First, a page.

Occupational health has come under the spotlight in two employment tribunals, with a chef’s serious nut allergy and a worker’s severe eczema both being classed as a disability under the Equality Act 2010, therefore allowing their discrimination cases to proceed.
In the case of Wheeldon v Marstons plc ET/1313364/2012, the chef suffered a severe allergic re-action when he came into contact with nuts while at work in 2011.
He did not return to work and brought a number of disability claims, arguing his employer failed to offer alternative work.
In the second case, Glass v Promotion Line Ltd ET/3203338/2012, the worker, who suffers from severe eczema, brought a disability discrimination claim after she was dismissed by her employer.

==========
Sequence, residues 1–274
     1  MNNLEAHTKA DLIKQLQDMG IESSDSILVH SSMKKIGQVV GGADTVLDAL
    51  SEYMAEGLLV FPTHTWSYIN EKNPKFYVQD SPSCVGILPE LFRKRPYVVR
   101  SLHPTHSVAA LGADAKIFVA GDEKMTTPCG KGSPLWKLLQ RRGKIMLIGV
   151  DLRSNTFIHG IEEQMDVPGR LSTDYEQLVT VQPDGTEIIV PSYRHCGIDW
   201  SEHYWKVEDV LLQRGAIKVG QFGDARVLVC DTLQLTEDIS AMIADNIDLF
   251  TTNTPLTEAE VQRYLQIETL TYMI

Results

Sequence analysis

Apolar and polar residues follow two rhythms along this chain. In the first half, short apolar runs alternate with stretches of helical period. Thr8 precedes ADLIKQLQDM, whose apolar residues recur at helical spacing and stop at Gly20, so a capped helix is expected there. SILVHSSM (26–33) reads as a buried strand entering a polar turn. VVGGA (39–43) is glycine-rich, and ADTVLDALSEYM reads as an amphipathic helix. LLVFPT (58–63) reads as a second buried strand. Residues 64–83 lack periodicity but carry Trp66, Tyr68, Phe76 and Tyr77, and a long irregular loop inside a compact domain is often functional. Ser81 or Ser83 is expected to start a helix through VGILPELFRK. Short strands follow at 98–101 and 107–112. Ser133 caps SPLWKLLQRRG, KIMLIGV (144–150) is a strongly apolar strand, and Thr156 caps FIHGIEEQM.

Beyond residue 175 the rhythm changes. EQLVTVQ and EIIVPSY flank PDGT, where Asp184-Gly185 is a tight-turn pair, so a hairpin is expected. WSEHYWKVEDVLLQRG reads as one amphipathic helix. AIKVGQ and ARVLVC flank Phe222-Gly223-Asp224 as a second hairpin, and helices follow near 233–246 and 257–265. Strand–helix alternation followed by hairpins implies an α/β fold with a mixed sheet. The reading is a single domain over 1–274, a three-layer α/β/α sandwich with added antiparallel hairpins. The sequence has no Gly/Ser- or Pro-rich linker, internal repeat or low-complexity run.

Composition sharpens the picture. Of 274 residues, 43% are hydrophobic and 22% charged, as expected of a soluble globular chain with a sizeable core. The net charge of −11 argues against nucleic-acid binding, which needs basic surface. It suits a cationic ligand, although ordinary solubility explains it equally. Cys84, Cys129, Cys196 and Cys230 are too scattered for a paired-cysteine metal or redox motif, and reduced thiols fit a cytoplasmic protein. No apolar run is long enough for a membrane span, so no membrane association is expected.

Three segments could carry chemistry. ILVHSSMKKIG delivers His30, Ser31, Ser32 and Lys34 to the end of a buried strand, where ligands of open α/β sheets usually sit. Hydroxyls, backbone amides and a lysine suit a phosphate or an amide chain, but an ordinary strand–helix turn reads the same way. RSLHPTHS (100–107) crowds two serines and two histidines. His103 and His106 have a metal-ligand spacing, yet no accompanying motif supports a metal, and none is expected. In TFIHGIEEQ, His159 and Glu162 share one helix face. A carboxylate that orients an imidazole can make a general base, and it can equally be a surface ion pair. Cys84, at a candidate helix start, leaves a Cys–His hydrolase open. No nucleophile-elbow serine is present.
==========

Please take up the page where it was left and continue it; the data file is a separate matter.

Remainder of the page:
Under the Equality Act, to be disabled, an individual has to have an impairment that has a substantial and long-term adverse effect on their ability to carry out normal day-to-day activities.
In Glass, the tribunal heard that it took the worker more than an hour to get ready in the morning because she had to apply cream and wait for it to be absorbed, meaning that it took her considerably longer to get ready for work than someone who did not need to do so.
This, the tribunal argued, amounted to a substantial adverse effect on her ability to carry out day-to-day activities. It therefore classes her as having a disability.